- Start a new journal. Capturing your ephemeral progress in some tangible way will help you immeasurably. To capture your progress you’ll have to think about what you have done, where you’re trying to get and how you might make the journey between then. It also means you have to recognize your hard work. On bad days, leafing through it can rekindle your hope and focus, and on good days it makes patting yourself on the back so much easier because you can see in one place how hard you worked and that you truly deserve a reward. Whether you write it down, do audio recordings, draw it, scrapbook it – you will be glad to see that you’re not making it up – you are developing as a musician!
Enjoy your Valentine’s Day and giving that special harper in your life a lovely gift.
The last bit of self care for November is injecting more of yourself into your music.
Like a lot of music, holiday music tells stories. And like other music, it can get trite pretty quickly, especially since you get to play it repeatedly but only for a few weeks.
One of the easiest ways to infuse life into the music (to alleviate boredom) is to become a storyteller with the tunes. Think about the words (what could be easier – they’re all right there to read!) –
- What is the mood?
- Where does the story go?
- Who is in the story?
- What is the action?
Decide the story you want to tell – and use the music to share that story with your listeners. You have all sorts of tools to tell your story – tempo, dynamics, techniques (p.d.l.t, harmonics, damping, ornamentation, arpeggiated chords, etc.).
Modify your arrangement so that you and your story come shining through. And each time through, the tune can be a different chapter of the story.
Stuck? Not sure how to start? Try this: Play Twinkle Twinkle Little Star. Now play it angrily. Now play it playfully. How about impishly? What about as a march? Now as a great tragedy. Finish it as a lullaby or as Wagnerianly as possible.
Make yourself laugh…or cry… or feel pain! Relax and enjoy the story!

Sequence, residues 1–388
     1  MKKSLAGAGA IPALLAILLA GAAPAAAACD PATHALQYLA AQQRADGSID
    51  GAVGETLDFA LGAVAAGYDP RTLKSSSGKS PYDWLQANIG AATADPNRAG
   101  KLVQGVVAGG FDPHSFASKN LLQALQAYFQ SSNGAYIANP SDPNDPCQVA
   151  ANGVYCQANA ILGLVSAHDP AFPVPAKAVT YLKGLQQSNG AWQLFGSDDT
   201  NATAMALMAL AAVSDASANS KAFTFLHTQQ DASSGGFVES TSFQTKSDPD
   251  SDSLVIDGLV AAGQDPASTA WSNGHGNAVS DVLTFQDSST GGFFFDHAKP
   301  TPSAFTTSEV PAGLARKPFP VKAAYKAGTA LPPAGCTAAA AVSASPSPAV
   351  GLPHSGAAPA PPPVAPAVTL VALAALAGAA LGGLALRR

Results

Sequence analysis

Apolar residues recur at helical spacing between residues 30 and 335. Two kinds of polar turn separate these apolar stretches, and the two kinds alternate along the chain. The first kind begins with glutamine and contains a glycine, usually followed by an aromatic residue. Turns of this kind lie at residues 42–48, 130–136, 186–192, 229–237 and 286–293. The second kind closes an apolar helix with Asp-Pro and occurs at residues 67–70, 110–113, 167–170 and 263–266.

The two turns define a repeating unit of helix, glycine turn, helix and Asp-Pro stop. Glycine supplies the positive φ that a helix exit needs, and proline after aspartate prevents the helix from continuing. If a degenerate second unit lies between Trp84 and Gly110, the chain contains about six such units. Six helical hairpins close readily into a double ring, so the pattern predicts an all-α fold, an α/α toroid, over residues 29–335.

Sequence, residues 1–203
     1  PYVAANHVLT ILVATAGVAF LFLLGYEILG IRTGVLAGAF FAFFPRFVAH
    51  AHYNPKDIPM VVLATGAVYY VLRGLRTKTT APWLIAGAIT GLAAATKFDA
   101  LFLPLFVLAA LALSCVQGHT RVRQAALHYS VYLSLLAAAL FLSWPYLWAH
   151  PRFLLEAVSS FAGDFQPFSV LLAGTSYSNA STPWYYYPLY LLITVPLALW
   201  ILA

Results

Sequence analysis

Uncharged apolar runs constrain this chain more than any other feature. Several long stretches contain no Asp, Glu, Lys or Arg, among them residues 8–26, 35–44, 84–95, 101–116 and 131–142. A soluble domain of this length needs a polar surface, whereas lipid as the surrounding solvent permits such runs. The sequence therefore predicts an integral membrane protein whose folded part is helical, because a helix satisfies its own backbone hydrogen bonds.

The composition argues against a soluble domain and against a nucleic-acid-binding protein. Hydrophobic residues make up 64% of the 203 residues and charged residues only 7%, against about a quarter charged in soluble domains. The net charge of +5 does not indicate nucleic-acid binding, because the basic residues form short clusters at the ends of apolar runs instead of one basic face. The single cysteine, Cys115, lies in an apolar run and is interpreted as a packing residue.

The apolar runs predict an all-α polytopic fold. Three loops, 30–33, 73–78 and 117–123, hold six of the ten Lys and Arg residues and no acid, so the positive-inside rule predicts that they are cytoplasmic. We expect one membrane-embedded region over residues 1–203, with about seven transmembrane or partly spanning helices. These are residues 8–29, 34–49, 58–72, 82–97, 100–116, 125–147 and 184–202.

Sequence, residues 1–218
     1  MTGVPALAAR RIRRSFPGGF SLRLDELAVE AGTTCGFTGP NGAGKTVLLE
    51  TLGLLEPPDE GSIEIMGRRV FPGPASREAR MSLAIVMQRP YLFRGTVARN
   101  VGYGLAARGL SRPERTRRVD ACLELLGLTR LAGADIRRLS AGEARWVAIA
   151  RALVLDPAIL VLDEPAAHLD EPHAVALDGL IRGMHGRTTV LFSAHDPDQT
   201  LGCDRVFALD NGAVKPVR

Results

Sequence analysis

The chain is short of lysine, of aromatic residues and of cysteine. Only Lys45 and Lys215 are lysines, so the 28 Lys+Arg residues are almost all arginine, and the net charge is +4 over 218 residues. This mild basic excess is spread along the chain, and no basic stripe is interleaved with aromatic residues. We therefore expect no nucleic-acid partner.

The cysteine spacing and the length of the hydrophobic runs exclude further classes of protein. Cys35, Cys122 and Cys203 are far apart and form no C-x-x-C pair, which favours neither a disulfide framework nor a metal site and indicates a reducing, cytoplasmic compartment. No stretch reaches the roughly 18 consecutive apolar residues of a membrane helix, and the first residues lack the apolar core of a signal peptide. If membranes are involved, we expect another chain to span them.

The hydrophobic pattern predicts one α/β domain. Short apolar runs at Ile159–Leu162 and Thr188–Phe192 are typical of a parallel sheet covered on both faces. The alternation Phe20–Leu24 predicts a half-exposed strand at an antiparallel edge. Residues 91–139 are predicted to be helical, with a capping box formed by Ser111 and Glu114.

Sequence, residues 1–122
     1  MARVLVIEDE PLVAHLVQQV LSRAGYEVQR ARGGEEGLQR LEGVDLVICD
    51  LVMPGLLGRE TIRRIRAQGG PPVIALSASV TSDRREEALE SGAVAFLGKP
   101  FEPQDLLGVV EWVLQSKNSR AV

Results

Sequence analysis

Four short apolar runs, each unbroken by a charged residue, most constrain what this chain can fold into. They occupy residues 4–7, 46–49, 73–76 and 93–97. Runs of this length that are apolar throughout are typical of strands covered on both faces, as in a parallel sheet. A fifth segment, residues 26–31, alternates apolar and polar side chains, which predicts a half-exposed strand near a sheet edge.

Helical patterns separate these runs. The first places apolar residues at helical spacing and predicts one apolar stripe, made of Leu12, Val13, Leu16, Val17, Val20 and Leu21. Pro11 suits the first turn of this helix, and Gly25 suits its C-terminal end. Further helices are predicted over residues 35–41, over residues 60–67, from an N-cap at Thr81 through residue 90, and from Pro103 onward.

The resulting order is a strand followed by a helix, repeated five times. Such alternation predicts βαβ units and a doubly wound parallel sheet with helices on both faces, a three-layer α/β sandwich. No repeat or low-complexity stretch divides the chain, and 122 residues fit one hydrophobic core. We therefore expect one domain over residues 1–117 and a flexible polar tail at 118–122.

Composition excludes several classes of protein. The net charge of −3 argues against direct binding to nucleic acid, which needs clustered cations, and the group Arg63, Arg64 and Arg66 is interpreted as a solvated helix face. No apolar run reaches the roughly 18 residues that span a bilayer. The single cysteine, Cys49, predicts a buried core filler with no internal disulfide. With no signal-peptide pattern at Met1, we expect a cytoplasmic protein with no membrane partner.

It is all well and good to work on self care – you can get a (single) manicure or journal your practice once, but it is consistent practice of a self care routine that will bring you the most benefit. So, yes, you must P-R-A-C-T-I-C-E your self care! (stop – I see you thinking, “Oh great, something else she wants me to practice!”)
But self care that is only as frequent as a treat or something you only get when you occasionally remember isn’t self care at all. So you will need to practice getting your self care into your schedule – and keeping it on the calendar. That way you will not only develop the habit but will likely come to look forward to the time you will spend.
You already know how to get something onto your calendar. And you already know that you are more likely to honor an event, especially with yourself, if you actually place it on your calendar. So, get out your pen and get marking. Select self care events that you can actually accomplish repeatedly. Going to polish your nails? Choose a day of the week to do it and schedule the 20 minutes it will take. That way you are consistent and get it done. Putting moisturizing lotion on the backs of your hands every day? Write a reminder on your mirror (use dry erase marker!) so that you see it every day and you begin to build the habit.
As the time passes you’ll notice that choosing small self care events allows you to complete them without much angst and practicing that will build a habit that you can sustain. A few of these little things will add up to a successful self care routine that fits into your everyday schedule – and that’s self care you can live with!
It’s well and truly autumn – the days are shorter and colder and windier and drier. Take advantage of the longer nights – November is a good month to start (or improve) your self-care habits.
To make it easy to start, begin with a painless self-care routine – skin care for your hands. Of course, since it is easy, it is also easy to overlook! Don’t do that!